Relentless Curiosity

Submitted by Milton Friesen on December 12, 2013 - 2:52pm
Learning to Use it for Good

At the centre of the three elements I note in my Tamarack profile is a conviction that people should not have to be chronically lonely. I'm not talking about taking time alone, loading up the canoe and paddling down a river for a day or two to clear your head or driving to Ottawa just to stretch your mind a bit. It can make me feel sad, angry and perplexed all at once when I consider how many people I pass as I drive and walk around the city who just don't think they belong anywhere.

Drawing I made in a long meeting

I grew up 25 miles from a very small rural community in Northern Alberta. I didn't grow up in the small community, we were 25 miles away from there. People sometimes didn't get along (some didn't get along very intensely) and you couldn't be anonymous (even if you disguised yourself, your truck would give you away). I now realize that I learned a great deal about community dynamics in those growing up years, some of them are puzzles I'm still trying to figure out.

From a Tamarack vantage point, I'm interested in the study and use of networks of all kinds but particularly social networks. As our social structrues change, I think it's increasingly important to find ways to understand those changes better, including exploration of ways we can shift them to that strong contributions to the common good are made.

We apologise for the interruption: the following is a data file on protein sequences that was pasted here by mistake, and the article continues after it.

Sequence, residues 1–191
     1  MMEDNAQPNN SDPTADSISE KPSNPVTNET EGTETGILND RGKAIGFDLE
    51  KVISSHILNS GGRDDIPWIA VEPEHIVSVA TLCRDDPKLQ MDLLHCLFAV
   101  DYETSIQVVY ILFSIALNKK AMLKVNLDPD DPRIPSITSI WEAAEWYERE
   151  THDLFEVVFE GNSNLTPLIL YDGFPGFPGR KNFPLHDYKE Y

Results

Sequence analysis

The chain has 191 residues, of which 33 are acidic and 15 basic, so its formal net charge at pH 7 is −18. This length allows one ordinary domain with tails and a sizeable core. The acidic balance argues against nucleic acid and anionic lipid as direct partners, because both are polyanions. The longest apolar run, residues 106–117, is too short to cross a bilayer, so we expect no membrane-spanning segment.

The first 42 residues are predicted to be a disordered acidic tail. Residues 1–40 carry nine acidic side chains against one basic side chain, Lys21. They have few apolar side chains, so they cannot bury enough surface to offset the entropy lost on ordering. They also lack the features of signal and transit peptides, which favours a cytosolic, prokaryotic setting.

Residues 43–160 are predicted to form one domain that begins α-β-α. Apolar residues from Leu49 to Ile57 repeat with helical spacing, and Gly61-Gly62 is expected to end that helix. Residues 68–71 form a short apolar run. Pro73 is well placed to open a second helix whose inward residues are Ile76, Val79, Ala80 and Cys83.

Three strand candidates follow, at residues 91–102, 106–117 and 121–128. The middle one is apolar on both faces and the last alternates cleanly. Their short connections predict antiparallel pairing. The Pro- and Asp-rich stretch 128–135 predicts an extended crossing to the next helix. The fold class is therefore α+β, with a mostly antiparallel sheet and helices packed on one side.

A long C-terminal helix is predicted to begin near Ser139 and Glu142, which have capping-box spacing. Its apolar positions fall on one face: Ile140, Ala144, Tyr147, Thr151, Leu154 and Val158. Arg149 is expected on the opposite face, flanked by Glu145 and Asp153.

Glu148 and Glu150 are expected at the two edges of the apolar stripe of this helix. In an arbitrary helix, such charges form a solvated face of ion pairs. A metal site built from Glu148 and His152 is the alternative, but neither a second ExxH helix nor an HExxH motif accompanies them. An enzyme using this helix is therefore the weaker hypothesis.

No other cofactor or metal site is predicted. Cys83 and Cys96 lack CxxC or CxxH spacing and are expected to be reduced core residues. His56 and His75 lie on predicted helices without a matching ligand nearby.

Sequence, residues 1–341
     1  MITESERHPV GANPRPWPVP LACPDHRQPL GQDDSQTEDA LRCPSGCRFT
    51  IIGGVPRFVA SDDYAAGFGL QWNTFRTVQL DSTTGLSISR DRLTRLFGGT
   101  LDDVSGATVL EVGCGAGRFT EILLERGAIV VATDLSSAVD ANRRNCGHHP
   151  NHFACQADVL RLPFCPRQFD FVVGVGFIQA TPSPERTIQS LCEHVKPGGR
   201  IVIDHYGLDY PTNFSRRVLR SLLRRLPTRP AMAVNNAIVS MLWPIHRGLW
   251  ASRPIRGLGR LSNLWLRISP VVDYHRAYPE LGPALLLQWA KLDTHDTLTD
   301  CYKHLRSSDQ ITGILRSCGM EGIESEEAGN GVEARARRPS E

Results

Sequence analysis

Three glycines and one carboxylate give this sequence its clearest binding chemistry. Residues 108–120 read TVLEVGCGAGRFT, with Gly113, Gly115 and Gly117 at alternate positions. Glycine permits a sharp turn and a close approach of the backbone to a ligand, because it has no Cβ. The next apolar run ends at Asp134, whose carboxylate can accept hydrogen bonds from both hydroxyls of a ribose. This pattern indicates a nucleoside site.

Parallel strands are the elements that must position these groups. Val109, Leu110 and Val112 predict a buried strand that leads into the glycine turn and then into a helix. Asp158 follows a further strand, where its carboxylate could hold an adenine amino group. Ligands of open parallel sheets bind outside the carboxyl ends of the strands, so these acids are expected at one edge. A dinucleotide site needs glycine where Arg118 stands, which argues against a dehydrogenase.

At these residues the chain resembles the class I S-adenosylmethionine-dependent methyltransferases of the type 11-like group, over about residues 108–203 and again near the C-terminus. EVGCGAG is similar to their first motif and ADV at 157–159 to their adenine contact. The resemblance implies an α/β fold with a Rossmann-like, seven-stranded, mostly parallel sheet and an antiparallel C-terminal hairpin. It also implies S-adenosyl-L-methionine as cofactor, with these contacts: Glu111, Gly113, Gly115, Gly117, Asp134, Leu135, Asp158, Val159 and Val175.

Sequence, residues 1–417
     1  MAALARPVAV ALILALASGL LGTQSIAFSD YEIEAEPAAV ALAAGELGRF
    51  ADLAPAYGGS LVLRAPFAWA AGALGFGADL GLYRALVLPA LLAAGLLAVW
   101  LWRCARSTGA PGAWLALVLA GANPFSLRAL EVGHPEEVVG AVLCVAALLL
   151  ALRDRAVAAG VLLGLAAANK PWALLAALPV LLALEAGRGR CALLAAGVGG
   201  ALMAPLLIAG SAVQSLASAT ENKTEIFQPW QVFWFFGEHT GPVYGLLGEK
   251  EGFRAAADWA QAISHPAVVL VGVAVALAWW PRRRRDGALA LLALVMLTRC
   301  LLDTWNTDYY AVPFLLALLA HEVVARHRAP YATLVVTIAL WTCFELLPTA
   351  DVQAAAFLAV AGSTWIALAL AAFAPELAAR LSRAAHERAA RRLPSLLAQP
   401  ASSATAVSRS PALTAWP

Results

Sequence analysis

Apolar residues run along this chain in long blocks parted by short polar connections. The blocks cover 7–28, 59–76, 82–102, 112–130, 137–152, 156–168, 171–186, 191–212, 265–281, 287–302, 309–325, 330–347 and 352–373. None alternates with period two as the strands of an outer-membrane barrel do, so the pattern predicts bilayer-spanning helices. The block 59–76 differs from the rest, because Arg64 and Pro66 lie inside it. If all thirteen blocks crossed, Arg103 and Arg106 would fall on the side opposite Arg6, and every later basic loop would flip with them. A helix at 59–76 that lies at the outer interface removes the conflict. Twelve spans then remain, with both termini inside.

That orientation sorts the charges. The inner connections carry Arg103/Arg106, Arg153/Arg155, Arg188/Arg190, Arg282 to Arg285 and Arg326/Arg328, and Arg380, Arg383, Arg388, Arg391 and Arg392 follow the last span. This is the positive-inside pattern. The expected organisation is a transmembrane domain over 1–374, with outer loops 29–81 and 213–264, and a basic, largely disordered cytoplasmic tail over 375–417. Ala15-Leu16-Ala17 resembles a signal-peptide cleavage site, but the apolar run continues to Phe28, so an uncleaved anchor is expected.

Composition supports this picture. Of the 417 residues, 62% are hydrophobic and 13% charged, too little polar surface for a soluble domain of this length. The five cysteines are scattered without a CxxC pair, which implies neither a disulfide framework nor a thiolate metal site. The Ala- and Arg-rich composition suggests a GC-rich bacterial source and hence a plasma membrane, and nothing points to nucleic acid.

Tied to that is a long interest in how our social and community structures either foster well-being and thriving or erode it. Happily there are lots of examples of the former but, sadly, there are also lots of examples of the later. We have work to do.

Finally, the dynamics of social networks are such that they enable us to build things together, produce plays, define laws, search for meaning, support, alienate, and  a great many other things. The nature of those resources and how they function includes what is called social capital. Not the greatest term but it's been around for awhile and is still useful.

I greatly value face-to-face conversation, read almost anything I can get my hands on, love to demonstrate the glowing pickle experiment where you plug an actually pickle into a 120V socket (I said I was curious) and build, design, repair and make things (no day is complete without at least some of that in it). 

I'm humbled to part of a great group like Tamarack and hope to meet you some day. 

Comments:
Wonderful!

Thanks for sharing more about yourself, Milton!

We are thrilled and honoured to have you join our team and are so excited to see what emerges for you in these areas of epxloration in the next while :)

Also- would love to witness the glowing pickle experiment sometime (can we incorporate that into our May gathering somehow?? "Illuminating" a community that has transformed [cucumber to a picke]... that's likely reaching TOO far).

Looking forward to reading more.